May 27, 2012
Equivocation Is a Losing Strategy

It could just turn out that events force Obama to do what we’ve needed him to do all along. Personally, though, I doubt it.

More likely, in my opinion, is that he’ll continue to try splitting the difference and having it both ways. That seems to me a pretty risky approach to re-election because it basically depends on events to carry him through rather than asserting a reason for continuing in office. But at this point it’s hard to imagine anything but an equivocal response from Barack Obama. I hope I’m wrong, but I’m not holding my breath.

Consider the Obama campaign’s approach to what seems intended as a touchstone for the election strategy, the attack on Romney’s time at Bain Capital. Certainly there is much to despise in the Bain record, including exhibitions of capitalism at its worst. And it’s hard to make the case for the capitalist’s favorite meme, creative destruction, at a time when so many mortgages are underwater, so many people are out of work, and so many corporations and their executives are rolling in cash. They get the creation, we get the destruction.

This strategy, though, doesn’t have everyone on board.

Some Democrats in Virginia expressed concern that voters in the business-oriented suburbs around Washington would not coalesce around attacks on Bain. Sen. Mark R. Warner, a former cellphone entrepreneur, said in an interview that Bain is “a valid issue and debate” but also a company that “did a good job for their investors.” One prominent Virginia Democrat who requested anonymity to speak candidly said the Bain strategy is “risky” because it feeds an existing narrative among business leaders that the Obama administration is not friendly to their interests.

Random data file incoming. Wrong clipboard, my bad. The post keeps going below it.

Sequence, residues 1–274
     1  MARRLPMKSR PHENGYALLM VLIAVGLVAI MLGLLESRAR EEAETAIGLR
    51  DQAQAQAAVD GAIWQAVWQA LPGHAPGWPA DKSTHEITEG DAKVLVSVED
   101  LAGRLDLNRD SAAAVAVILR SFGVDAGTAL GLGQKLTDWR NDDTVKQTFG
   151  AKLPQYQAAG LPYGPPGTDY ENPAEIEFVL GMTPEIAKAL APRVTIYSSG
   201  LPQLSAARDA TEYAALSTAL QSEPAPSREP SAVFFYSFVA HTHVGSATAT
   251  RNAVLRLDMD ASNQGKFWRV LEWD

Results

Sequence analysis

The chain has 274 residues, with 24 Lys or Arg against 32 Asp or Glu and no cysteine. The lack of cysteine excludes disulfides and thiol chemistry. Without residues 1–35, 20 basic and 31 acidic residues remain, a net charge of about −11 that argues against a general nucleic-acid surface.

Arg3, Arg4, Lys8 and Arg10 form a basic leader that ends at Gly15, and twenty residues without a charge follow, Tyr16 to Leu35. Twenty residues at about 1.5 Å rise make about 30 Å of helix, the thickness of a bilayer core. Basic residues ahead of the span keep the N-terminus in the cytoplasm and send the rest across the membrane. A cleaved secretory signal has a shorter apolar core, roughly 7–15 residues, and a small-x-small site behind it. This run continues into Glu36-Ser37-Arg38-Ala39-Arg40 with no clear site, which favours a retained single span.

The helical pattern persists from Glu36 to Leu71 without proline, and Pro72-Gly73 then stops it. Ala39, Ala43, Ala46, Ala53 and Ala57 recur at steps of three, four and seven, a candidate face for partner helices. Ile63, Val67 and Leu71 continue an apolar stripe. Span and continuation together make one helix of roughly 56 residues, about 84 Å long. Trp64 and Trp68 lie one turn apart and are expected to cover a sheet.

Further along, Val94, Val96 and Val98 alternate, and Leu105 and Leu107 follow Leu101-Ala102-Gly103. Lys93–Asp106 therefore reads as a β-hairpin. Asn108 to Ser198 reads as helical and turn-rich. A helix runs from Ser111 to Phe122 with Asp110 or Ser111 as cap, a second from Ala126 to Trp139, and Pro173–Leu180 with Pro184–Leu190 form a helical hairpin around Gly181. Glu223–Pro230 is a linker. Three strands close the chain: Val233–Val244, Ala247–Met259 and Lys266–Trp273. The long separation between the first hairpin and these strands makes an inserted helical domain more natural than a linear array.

The problem is that it’s so hard to criticize Bain without critiquing capitalism itself. That, of course, is what the country desperately needs right now, and the Occupy movement has brought the issue to our collective consciousness. Now would be a perfect time to bring the discussion to basic questions of fairness and sustainability. But the Democrats are just as owned by Wall Street as the Republicans. Can you guess which business sector’s contributions to the two campaigns dwarf all others?

So it may come to the point that all Obama’s efforts to cozy up to Wall Street will come to naught and the Street will pick the Mitt, who after all is much more like them. Will Obama then choose to swing for the fences and try to recruit the non-voters with a full-throated denunciation of the destructive side of capitalism, or will he try to split the difference between reality and Wall Street? If he picks the latter he stands a good chance of losing in November.


Posted by Chuck Dupree at May 27, 2012 10:01 PM
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